It’s common knowledge that regular exercise improves your quality of life. Exercise helps with weight management, stress reduction, mental clarity, disease prevention, and dozens of other aspects of life that contribute to your quality of life. However, few people know that regular exercise also improves eye health and can help prevent eye disease.
According to the American Academy of Ophthalmology (AAO), moderate exercise can lower intraocular pressure (IOP) and improve blood flow to the retina and optic nerve. Not surprisingly, like most other health benefits related to exercise, IOP improvements are only maintained when exercise programs are sustained. Once you stop exercising, your IOP returns to previous levels. In fact, according to one study of more than 5,000 people published by EyeSmart News, an AAO publication, maintaining exercise programs is so pivotal to your health that it can reduce the risk of glaucoma by more than 25%.
So, what is considered an acceptable exercise regimen? For adults, The Centers for Disease Control (CDC) recommends 150 minutes of moderate activity weekly plus muscle-strengthening activities on 2 or more days each week. Moderate activity means you’re working hard enough to raise your heart rate or break a sweat.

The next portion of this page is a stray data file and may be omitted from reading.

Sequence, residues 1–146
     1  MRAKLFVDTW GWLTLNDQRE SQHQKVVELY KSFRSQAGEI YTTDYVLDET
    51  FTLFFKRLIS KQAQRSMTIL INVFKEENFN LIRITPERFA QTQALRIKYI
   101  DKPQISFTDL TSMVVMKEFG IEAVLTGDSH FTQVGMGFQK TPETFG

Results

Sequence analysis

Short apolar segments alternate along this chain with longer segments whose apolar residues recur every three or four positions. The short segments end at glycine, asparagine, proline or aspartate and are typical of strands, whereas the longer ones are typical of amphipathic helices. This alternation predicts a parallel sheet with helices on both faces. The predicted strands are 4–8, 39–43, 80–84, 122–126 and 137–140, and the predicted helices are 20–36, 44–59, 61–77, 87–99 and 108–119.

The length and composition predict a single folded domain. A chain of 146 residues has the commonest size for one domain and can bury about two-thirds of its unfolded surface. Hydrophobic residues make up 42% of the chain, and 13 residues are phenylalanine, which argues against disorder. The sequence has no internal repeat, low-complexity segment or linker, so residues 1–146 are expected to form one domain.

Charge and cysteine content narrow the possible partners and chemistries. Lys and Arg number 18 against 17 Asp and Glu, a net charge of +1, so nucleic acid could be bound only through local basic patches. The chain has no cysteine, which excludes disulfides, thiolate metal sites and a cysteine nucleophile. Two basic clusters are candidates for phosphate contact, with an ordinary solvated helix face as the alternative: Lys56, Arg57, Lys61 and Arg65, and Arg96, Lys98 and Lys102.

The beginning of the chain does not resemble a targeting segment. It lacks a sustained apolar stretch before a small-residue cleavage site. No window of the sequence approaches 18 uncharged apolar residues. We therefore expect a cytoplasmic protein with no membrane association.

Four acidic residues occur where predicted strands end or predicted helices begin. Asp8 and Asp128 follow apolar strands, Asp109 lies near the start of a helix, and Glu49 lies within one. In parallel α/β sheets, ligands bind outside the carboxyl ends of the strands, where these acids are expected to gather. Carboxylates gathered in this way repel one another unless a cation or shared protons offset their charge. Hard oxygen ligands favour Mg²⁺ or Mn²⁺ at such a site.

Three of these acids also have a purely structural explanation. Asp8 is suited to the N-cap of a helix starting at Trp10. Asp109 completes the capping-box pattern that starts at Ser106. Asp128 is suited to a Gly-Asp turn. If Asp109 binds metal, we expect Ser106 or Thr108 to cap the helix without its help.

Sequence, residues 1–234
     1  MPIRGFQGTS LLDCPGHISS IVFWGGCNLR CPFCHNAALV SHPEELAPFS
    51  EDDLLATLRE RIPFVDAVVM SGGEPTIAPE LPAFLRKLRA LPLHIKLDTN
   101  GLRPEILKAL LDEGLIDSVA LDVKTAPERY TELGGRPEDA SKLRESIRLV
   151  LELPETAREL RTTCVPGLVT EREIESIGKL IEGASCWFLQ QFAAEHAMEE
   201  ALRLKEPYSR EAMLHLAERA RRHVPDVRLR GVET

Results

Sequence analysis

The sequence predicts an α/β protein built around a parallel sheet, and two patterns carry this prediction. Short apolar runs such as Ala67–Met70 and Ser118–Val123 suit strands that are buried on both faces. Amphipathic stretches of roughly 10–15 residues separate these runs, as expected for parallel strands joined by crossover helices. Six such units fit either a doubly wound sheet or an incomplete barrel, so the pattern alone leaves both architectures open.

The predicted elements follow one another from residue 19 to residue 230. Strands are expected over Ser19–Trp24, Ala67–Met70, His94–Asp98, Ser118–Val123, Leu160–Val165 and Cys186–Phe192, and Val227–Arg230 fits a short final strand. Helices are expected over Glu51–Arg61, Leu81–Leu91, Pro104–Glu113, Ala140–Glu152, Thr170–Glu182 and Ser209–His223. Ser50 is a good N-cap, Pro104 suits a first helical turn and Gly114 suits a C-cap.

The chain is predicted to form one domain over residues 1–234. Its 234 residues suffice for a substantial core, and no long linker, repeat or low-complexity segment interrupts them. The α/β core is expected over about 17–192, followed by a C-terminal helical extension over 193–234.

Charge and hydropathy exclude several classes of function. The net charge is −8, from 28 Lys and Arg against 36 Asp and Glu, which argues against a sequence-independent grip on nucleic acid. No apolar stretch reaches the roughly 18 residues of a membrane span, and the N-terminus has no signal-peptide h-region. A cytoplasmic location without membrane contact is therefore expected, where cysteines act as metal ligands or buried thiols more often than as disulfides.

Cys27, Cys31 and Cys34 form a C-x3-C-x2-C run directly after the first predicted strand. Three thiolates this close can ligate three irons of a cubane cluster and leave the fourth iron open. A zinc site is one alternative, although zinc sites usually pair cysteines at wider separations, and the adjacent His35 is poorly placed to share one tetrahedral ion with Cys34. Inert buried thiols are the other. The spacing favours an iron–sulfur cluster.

This isn’t as crazy as you may believe. Some activities include:
- Walking fast
- Doing water aerobics
- Riding a bike on level ground or with few hills
- Playing doubles tennis
- Pushing a lawn mower
Don’t forget that physical activity is only one part of leading a healthy lifestyle. Proper diet and nutrition can also contribute to healthy eyes. Antioxidants found in many healthy foods can reduce the risk of cataracts and macular degeneration. Also, different vitamins contain specific benefits. For example, vitamin A guards against blindness and protects the surface of the eye, while vitamin C can help prevent glaucoma. In addition, antioxidants help maintain healthy cells and tissues in the eye and other organs. A couple of good foods to include in your diet in order to improve your eye health:
- Green, leafy vegetables such as spinach, kale, and collards
- Salmon, tuna, and other oily fish
- Eggs, nuts, beans, and other non-meat protein sources
- Oranges and other citrus fruits or juices
Before starting any exercise regimen, be sure to check with your health-care professional to make sure it is suitable for you. Also, keep in mind that in order to maintain good health, you have to stick to your routine. A healthy diet, coupled with proper exercise, is great for your body, mind and eyes!
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